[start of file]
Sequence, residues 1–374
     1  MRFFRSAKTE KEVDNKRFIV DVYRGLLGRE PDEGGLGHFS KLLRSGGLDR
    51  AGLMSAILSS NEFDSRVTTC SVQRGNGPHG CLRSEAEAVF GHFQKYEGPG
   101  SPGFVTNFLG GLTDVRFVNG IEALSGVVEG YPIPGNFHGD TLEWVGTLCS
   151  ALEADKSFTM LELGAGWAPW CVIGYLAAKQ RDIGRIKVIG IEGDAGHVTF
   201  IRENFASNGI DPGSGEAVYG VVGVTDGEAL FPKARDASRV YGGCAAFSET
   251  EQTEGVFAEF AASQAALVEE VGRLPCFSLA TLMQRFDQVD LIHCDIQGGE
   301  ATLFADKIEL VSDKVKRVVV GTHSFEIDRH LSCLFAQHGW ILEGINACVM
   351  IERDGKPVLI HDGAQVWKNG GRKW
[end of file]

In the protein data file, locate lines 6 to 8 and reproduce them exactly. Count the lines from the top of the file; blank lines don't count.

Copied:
   201  IRENFASNGI DPGSGEAVYG VVGVTDGEAL FPKARDASRV YGGCAAFSET
   251  EQTEGVFAEF AASQAALVEE VGRLPCFSLA TLMQRFDQVD LIHCDIQGGE
   301  ATLFADKIEL VSDKVKRVVV GTHSFEIDRH LSCLFAQHGW ILEGINACVM